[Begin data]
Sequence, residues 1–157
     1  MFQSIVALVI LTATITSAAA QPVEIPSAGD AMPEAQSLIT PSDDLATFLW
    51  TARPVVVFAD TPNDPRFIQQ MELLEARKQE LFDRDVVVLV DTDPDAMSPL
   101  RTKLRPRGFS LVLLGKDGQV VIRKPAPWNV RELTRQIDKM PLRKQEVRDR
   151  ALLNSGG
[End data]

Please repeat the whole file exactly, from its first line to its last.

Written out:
Sequence, residues 1–157
     1  MFQSIVALVI LTATITSAAA QPVEIPSAGD AMPEAQSLIT PSDDLATFLW
    51  TARPVVVFAD TPNDPRFIQQ MELLEARKQE LFDRDVVVLV DTDPDAMSPL
   101  RTKLRPRGFS LVLLGKDGQV VIRKPAPWNV RELTRQIDKM PLRKQEVRDR
   151  ALLNSGG